Student fights cancer and will graduate on time
SALISBURY — Marissa Hosch was diagnosed with ovarian cancer when she was 15 years old and a freshman at Salisbury High School.
Now, as she prepares to graduate with her class cancer-free, she said she hopes to encourage other young people who are fighting illness and other difficulties.
“That’s my goal after all this,” Hosch said. “I just want to be an inspiration to someone else to not give up.”
Ovarian cancer is rarely diagnosed in teenage girls and typically causes few symptoms in the early stages. So when she complained of persistent, sharp pains in her side, doctors told her she had irritable bowel syndrome.
One night, an emergency operation to remove her appendix revealed the real problem. A large tumor was rubbing against Hosch’s appendix.
She then underwent a series of surgeries to take out the tumor and one of her ovaries. Thanks to the appendicitis, the cancer was caught before it spread to her lymph nodes or other parts of her body. But when another tumor was found on her remaining ovary, Hosch started chemotherapy. For six weeks at Novant Health Presbyterian Medical Center in Charlotte, she went through three days of treatments followed by a four-day break.
Her initial diagnosis was in April 2010. Now, Hosch has been cancer-free for two and a half years. “To be honest, it’s an ongoing experience with scares and doctor’s appointments,” she said. “But everything’s been good so far.”
Though she missed much of her freshman year, Hosch stayed on track with her classes with the help of former Principal Windsor Eagle.
“Dr. Eagle was like a blessing,” Hosch said. “He helped me a lot. … He was a rock.” She would pick up her missed class material at school and study it at home or in the hospital. She was told she would pass those classes as long as she passed her exams. Failing those tests, though, would mean failing her classes. In the back of her mind, Hosch said, she would always wonder whether she could graduate on time.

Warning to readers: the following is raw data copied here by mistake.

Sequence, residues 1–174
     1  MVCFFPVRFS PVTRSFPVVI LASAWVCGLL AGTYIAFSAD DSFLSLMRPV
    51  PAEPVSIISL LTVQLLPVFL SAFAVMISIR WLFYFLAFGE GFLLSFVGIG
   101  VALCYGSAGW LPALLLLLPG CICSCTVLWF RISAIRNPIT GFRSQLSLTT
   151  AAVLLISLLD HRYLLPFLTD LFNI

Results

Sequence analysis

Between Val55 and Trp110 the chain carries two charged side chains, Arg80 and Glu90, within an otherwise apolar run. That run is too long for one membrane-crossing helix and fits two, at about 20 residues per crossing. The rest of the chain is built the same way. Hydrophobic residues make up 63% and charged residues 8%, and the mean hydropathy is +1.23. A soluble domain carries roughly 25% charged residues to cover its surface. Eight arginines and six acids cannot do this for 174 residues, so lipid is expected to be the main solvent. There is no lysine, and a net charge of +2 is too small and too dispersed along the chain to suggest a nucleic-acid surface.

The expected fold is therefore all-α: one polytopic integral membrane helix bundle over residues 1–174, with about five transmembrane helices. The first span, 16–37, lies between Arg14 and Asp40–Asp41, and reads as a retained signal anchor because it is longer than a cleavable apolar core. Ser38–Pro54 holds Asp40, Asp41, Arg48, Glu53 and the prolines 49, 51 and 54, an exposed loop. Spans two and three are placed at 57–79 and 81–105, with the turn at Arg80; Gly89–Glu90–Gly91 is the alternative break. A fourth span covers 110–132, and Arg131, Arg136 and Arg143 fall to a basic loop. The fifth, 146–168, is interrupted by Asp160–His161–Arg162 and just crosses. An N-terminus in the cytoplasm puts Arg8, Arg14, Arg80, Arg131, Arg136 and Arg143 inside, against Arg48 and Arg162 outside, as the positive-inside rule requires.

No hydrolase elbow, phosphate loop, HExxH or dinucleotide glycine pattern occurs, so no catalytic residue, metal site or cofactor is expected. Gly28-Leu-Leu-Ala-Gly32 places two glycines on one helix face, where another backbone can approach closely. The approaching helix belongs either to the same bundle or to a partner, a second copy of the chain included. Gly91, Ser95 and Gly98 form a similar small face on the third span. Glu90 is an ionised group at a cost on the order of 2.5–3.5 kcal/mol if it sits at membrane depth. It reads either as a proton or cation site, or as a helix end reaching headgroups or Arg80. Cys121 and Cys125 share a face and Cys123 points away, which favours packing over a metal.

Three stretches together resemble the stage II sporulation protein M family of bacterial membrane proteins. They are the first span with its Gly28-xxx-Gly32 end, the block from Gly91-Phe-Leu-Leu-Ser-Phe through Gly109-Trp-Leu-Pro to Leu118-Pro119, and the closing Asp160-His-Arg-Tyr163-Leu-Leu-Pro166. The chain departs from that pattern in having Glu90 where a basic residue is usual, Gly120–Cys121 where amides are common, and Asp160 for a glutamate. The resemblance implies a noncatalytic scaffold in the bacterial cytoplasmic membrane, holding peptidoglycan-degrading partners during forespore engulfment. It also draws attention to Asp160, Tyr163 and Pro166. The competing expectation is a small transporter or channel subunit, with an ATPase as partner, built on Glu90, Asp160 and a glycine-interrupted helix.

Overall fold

Even after her chemotherapy ended, she still missed school occasionally when surgery-related pain flared up. But she kept up, even while working part-time at Chick-fil-A in the past year and contributing to the Salisbury High School yearbook.
After Saturday’s graduation, Hosch plans to attend Rowan-Cabarrus Community College to study phlebotemy, and she has an internship lined up at Presbyterian hospital.
Hosch said she always wanted to work with kids, and her experience in the pediatric cancer ward of the hospital drew her to the medical field. Nurses and other staff members told her that they had fought cancer and have now been in remission for years. She realized she wanted to be there to say, “I did it, and so can you.”
Hosch said the encouragement and support of her parents, friends and teachers truly inspired her and helped her make it this far.
Her mother, Carla Yates, said she’s excited and proud to watch her daughter graduate, calling it an amazing end to a long journey. (Hosch’s father, Christopher Hosch, lives in South Carolina.)
“In all of these years … I’ve only seen her cry twice regarding the cancer itself,” Yates said. “That was the day she found out and the day she lost her hair. Other than that, she had a smile on her face when we went to the hospital and a smile on her face when we came home from chemo.”
She said Hosch’s doctors are now watching a spot on her remaining ovary to make sure it doesn’t grow. If it does, she may need a complete hysterectomy, but everything looks fine so far.
“For someone her age, she’s been through some things that, honestly, I hope most adults don’t go through,” Yates said. “I’m so glad to hear she can be an inspiration to someone else now, because she has been an inspiration to me.”
Contact reporter Karissa Minn at 704-797-4222.